You only need a brief walk around the glitzy shopping district in central Helsinki to find clues to how an obscure company from the forests of Finland leapt past the world's technological giants to become the global leader in the booming cellular-phone market.

At the Esso station on the corner, there's a stack of snow tires on sale, each one emblazoned with the trademark "Nokia." A couple of blocks away, on the sporting-goods floor of the huge Stockmann's department store, there's a display of fishing boots. The trademark? Nokia. At a computer store across the street, you can buy a color monitor with that same label.

Actually, these products are no longer made by Nokia Oy ("oy" is Finnish for "corporation"). The former conglomerate has spent the 1990s spinning off dozens of its traditional businesses to focus relentlessly on mobile communications. In an age of merger and acquisition, Nokia opted for attrition--and this unfashionable strategy has paid off handsomely.

When research firm Dataquest Inc. tallied global sales of cellular telephones for 1998, the Finnish firm finished first, passing both U.S. leader Motorola Inc. and Swedish neighbor LM Ericsson AB in world market share. By moving faster than Motorola into digital networks and wireless Internet access, Nokia has increased its lead this year. It's selling about a million phones each week--more than a quarter of what the world buys.

The key to Nokia's success, says Jorma Ollila, the company's intense but friendly chief executive, was the "extremely painful" process of shedding well-established, and profitable, business lines.

"Retired Nokia people tell me that I'm unholy, I'm a traitor, for selling off the fishing boots and the pulp and paper and the PCs," he says with a wry smile. "But we are now in one of the fastest-growing and fastest-changing markets in the world. To play that game, you have to be completely focused on what the market wants."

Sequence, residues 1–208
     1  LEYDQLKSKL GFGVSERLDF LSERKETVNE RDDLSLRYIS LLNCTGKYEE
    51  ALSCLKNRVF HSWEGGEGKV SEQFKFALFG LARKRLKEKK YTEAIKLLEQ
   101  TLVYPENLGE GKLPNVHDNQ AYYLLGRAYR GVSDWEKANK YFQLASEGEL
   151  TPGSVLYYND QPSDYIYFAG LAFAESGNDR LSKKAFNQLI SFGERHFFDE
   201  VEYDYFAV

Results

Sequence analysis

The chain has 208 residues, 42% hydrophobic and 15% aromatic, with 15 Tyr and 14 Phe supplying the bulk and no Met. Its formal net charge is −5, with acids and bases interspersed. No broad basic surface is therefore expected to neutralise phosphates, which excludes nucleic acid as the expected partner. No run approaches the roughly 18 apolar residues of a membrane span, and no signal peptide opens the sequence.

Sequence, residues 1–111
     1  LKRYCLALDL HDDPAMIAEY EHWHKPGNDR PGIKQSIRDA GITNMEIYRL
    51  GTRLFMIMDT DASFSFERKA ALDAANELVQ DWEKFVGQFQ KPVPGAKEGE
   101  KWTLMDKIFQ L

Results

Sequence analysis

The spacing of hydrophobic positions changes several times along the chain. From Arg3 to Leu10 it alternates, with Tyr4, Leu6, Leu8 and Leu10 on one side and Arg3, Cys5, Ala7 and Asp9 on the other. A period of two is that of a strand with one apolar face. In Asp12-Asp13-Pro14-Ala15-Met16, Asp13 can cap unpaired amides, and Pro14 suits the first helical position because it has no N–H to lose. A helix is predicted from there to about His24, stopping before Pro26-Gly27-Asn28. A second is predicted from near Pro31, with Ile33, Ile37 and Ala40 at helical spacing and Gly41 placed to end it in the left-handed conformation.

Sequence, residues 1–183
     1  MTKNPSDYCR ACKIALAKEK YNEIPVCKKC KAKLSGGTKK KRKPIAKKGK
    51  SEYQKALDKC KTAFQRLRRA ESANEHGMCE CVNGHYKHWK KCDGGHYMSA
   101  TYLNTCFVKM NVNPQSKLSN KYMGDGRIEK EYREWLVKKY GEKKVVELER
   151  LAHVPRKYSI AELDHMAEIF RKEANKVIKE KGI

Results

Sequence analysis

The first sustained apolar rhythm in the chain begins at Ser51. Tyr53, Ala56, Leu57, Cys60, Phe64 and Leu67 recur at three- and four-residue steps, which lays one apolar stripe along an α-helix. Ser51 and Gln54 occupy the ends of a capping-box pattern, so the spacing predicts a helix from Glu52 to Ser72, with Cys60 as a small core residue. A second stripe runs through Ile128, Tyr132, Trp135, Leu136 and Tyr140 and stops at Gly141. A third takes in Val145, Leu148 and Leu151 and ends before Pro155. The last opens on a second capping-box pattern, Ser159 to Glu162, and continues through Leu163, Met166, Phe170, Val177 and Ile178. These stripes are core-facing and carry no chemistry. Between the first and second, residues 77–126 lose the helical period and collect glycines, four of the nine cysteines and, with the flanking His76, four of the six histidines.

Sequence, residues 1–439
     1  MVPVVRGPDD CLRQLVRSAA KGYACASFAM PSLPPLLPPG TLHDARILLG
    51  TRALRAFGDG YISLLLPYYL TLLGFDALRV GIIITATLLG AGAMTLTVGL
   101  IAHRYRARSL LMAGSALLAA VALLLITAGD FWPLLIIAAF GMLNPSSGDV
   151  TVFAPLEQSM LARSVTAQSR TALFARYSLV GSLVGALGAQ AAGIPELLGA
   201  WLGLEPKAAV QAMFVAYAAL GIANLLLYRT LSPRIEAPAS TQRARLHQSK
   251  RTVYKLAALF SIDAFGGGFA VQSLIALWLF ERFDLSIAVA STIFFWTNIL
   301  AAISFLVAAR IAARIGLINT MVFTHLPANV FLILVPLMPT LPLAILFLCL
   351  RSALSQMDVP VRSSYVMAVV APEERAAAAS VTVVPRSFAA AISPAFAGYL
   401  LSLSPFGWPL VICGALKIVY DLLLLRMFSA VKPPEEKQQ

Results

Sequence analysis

Whatever the retirees may say, Nokia stockholders are not complaining. Sales have been growing at about 35 percent annually for the past three years, and profit growth is even better. In 1993, when Nokia was still selling tires, tissue paper, televisions and the like, its total sales were only slightly more than $2 billion. This year, as a "completely focused" cellular-phone company, Nokia will record sales five times as great.

The company's phenomenal success is a tonic for Finland's national economy, which battled back from a killer recession sparked by the collapse of the Soviet Union at the start of the decade. "We badly needed a third leg, after forest products and metals, to support our economy," says Paavo Lipponen, the country's precise, scholarly prime minister. "And now we have it in communications."

In essence, Nokia's strategy is the formula Lipponen and his coalition government have championed for the nation as a whole. "If you're a country of 5 million on a northern peninsula speaking a language that nobody else understands," the prime minister says, "you'd better focus on doing just a few things and doing them very well."

When Nokia started out, as a one-shack operation on the banks of the Nokia River in Tampere, Finland, in 1865, it focused on timber. Fairly quickly, though, the company branched out: pulp and paper, rubber products--including Finland's favorite fishing boot-- wire, televisions and computers were later added. For Finns, Nokia was a combination Kimberly-Clark, L.L. Bean and General Electric.

In the 1980s, the conglomerate dabbled a little in communications products, including an early "mobile phone" that weighed 20 pounds and was mobile only if you hauled it around in the trunk of your car. In 1984, the company started making telephones for Texas-based Radio Shack, and Fort Worth has been the heart of Nokia's U.S. operations ever since.